Activity: text/image dissonance game

Here’s a weird and fun activity that we use to play around with the outer limits of the relationship between image and text.

The basic idea is that you give students a one page comic with all the dialogue and narration whited out of the balloons and boxes. They fill in text while deliberately disregarding any correspondence to the images–the goal is “nonsense”. Then each student compares his or her comic with the others and they collectively discuss which ones make the most sense when read as a comic and which, if any, can really be said to make no sense at all.

Here is the page that we use for this activity:

Jessica drew it taking as her source a page from the Italian master Magnus‘ comic, The Specialist: Full Moon in Dendera (Catalan Communications, alas, long out of print). We chose this particular page to adapt because it has a variety of situations and characters whose relationships are not immediately clear. (You can download a pdf here.)

Here are the instructions for the activity:

Text/image dissonance


  • photocopies or printouts of our textless comic pdf or a similar page with all text whited out
  • pencils and/or pens
  • tape or push pins and a wall to post panels on


  1. Hand out a copy to everyone in the class and tell them to fill in the word balloons with any text they like, as long as it’s neatly lettered. They should pay as little attention to the images as possible. It could be a stream of consciousness, text copied from a random source (newspaper, ink bottle label), dialogue from another comic, a song lyric, a list–whatever. It’s important that they not dwell on the images at this point, just deal with the blank space of the balloons and fill it up.
  2. Choose a wall and hand out pins or tape.  Tell the students to think of the wall as a continuum where the very far right end is the page with its original text, i.e. a perfect match of text and image. At the far left side is the opposite extreme, a complete lack of connection between the image and the text; complete nonsense. As each student finishes lettering, they should think about where on this continuum their comic fits and stick it on an appropriate spot on the wall. (Don’t go into detail at this point about what that means, the goal is for them to work through it on their own). In addition, if there are other pages already posted on the “continuum” near where they think theirs belongs, they need to read those and compare them with their own. They can then either change their mind and post their comic further to the right or left or, in rare cases, they can post their comic above or below an already-posted comic if they believe it belongs on the same spot on the continuum.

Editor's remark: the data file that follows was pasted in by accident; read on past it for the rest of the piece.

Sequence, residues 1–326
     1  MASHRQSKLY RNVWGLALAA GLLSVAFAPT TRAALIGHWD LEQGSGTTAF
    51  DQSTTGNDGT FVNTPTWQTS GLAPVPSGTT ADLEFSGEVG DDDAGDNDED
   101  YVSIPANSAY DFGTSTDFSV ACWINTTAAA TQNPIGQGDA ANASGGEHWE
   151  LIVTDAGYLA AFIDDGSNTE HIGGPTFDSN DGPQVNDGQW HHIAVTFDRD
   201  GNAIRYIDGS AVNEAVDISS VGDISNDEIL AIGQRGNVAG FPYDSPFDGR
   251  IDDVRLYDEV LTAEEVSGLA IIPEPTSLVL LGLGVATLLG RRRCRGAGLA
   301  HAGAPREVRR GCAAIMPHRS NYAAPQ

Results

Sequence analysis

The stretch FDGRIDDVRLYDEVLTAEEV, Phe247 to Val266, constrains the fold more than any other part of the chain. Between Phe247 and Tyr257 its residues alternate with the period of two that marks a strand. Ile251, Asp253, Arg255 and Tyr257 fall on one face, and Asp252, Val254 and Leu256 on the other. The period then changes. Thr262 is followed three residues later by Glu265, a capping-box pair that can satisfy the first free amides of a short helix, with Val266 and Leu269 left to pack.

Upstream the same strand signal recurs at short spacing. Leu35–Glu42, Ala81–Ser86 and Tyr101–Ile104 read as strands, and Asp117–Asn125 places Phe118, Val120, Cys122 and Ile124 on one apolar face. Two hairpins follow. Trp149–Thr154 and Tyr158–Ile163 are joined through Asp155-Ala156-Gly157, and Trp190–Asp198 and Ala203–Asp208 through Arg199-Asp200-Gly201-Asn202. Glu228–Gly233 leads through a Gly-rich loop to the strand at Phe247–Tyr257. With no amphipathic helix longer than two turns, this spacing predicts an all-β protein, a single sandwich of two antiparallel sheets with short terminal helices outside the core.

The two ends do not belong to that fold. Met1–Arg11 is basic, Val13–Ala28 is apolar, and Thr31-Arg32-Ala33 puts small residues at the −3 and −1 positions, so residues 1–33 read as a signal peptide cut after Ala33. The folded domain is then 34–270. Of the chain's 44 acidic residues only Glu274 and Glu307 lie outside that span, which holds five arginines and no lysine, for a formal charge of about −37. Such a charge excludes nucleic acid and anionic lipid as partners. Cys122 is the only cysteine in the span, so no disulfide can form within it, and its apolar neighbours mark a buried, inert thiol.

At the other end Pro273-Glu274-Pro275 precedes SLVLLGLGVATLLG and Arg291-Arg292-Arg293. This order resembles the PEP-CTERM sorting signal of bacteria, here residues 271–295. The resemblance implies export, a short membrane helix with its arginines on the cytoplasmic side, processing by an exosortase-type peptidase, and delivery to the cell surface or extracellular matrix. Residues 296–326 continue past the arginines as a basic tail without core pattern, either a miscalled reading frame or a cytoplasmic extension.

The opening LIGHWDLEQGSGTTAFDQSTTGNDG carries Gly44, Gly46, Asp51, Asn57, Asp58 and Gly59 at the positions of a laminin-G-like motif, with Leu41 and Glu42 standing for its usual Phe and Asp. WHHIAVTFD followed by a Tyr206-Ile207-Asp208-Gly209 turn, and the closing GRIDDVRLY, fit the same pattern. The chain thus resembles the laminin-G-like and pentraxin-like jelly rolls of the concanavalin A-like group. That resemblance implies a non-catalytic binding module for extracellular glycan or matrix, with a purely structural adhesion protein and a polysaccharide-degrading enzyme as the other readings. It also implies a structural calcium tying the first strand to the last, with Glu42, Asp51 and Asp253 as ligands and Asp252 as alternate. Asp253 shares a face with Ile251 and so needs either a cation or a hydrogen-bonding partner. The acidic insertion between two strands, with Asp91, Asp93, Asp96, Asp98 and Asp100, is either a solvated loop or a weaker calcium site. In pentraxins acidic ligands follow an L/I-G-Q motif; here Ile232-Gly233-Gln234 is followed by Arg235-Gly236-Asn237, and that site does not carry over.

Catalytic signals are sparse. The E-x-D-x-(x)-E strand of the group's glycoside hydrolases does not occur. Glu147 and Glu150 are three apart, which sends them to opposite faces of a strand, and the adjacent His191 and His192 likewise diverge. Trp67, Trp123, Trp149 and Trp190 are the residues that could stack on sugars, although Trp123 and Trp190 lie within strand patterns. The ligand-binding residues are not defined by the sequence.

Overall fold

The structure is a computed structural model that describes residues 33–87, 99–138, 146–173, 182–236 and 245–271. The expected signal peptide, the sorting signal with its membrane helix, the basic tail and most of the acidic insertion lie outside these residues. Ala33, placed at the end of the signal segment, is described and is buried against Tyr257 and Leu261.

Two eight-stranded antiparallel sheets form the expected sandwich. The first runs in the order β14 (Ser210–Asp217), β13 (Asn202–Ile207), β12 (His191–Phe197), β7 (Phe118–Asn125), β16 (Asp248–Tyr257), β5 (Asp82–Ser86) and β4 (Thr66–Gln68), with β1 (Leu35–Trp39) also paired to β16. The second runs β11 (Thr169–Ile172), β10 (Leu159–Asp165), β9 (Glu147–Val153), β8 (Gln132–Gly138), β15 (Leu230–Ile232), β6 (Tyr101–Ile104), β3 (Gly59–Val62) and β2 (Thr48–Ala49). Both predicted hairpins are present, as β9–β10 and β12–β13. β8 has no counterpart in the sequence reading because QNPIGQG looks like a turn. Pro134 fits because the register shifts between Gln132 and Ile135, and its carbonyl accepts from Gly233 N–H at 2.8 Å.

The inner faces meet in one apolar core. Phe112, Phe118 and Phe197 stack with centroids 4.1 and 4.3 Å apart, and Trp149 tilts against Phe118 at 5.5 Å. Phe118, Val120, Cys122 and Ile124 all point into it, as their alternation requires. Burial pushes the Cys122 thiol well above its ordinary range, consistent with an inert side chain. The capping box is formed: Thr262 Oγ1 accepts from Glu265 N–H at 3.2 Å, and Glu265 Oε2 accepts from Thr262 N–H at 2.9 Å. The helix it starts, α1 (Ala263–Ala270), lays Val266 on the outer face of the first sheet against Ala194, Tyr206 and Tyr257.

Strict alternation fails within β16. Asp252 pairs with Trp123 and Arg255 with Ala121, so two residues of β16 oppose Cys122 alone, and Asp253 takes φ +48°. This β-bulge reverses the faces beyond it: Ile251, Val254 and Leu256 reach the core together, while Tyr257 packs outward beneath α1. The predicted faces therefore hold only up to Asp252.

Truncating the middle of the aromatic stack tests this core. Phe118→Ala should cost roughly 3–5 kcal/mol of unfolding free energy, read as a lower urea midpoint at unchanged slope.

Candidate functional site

Notes for teachers/workshop leaders

Try to let everyone finish but if there are some stragglers holding you back, just start the conversation. it’s not really a critique so much as a discussion and debate about how much “meaning” and narrative you can find in each of these pages, specifically as derived from the interation of text and image from panel to panel.

We usually start by pointing out a page that  seems to us clearly in the wrong part of the continuum. For example, someone might put a list of art supplies in the balloons and just assume that the result is nonsense, but what we love about this activity is that when you break it down, panel by panel, more often than not you can find a clear dialogue and argument to the page.

Some of the things to look for are:

  • Does the dialogue parse? Who is talking in each panel? There’s quite a bit of flexibility here. For example, in panel 2 the first balloon is PROBABLY the character in panel 1 but it COULD be someone else.
  • In the second tier, is this a completely new scene? Whose voice is coming from the building? The panel 1 character? The panel 2 character? Someone new?
  • The beginning of the third tier is the toughest spot because you have yet another change of setting and whatever appears in the balloon is responded to with a question mark from the “Yves Saint-Laurent” character.

You don’t need to talk about every page, in fact you shouldn’t. We usually talk about 6-8, enough to let the idea (and its ambiguity) settle in. And all along encourage the students to question you (and, boy, some of them will!) and challenge your assertions. They are free to move stuff around or propose different readings of what’s going on in a given comic.

Sample pages

Here are a few examples of filled-in pages from past classes. Try printing them out and arranging them along a continuum and then ask a friend or classmate to consider your choices and see if she agrees. Alternately, you can open these pages in tabs and treat your browser window like the sense/nonsense spectrum by moving the tabs around.


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